Weeks of rain with intermittent sun have left the garden unthinned, untrimmed, untamed and bursting with growth of all kinds. There was a time when we distinguished between weeds and vegetables – between what we did not want and what we did, between undesirable and desirable, between the bad guys and the good guys. Now we see that they’re all good guys. Some we will eat, some were intentionally planted to be composted, some are volunteers from the wild. All are welcome because all are food.
The weeds (volunteers from nature) will be cut down or pulled up and either laid down right on the beds as mulch or put into heaps. Either way they will become, in nature’s good time, compost. The compost crops will receive the same treatment. As they rot and break down all those nutrients go back to feed the soil from which they have drawn nutrients in order to grow. A sweet, complete cycle.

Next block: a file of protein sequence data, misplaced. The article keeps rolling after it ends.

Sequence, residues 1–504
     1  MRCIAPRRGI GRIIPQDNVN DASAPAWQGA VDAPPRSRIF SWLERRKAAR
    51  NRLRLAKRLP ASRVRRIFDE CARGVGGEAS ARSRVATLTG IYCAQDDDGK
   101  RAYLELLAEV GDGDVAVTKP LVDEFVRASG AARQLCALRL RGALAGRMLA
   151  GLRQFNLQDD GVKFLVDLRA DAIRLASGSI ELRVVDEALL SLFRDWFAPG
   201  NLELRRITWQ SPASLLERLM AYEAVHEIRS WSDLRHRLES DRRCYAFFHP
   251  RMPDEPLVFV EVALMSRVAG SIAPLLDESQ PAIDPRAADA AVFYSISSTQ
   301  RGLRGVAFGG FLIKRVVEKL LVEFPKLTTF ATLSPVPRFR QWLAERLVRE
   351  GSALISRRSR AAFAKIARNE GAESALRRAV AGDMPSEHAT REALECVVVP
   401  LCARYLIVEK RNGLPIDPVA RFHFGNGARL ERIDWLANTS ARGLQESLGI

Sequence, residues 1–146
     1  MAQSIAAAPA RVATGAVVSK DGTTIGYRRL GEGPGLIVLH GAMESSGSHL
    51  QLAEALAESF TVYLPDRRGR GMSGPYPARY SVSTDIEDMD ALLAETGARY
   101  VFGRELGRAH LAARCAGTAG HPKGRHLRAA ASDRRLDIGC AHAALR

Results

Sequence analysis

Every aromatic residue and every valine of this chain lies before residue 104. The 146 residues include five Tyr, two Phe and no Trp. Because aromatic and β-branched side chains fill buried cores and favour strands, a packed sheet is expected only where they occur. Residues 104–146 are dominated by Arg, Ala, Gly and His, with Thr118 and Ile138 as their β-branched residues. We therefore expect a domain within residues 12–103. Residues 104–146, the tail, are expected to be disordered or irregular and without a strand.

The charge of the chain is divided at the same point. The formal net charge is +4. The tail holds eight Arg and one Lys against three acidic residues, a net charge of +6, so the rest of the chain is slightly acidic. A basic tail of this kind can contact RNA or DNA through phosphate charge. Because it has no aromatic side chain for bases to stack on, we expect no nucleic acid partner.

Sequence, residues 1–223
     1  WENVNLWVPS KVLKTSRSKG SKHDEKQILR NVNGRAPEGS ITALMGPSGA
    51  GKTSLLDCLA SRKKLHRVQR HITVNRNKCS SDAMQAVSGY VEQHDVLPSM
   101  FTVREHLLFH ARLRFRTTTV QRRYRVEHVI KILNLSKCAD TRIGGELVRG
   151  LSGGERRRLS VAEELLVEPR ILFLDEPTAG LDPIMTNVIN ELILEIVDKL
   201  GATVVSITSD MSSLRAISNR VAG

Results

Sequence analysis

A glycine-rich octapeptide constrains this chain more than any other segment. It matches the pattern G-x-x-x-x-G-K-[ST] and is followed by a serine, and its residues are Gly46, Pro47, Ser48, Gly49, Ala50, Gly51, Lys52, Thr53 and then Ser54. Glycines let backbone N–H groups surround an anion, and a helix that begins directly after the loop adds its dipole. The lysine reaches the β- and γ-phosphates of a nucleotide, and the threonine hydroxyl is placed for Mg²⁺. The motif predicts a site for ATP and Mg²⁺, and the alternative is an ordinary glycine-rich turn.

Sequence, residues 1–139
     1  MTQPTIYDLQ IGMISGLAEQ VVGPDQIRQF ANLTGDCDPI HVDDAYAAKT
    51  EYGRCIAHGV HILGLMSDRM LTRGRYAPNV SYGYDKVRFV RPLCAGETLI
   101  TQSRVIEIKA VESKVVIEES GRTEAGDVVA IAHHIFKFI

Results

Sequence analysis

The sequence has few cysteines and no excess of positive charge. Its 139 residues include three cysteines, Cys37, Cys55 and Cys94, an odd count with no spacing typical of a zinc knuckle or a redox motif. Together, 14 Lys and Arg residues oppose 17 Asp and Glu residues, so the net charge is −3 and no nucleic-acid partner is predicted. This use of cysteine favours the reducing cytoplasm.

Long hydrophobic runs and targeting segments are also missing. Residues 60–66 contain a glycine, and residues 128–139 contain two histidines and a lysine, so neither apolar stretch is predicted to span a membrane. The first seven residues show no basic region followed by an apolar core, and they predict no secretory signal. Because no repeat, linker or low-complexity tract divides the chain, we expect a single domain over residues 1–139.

The veggies that will enliven the Monastery’s table usually need some trimming up before cooking. The damp trimmings go into the compost pile down the hill. Faithful monks will then turn them until they are soft, brown, crumbly and ready to go back to the garden. The harder, drier pieces go directly under the chunks of straw arranged all around the flower beds. The worms, the mini-critters, the microbes will take it from there.
It’s beautiful: Nothing is lost. Nothing is waste. A jungle is a gorgeous thing.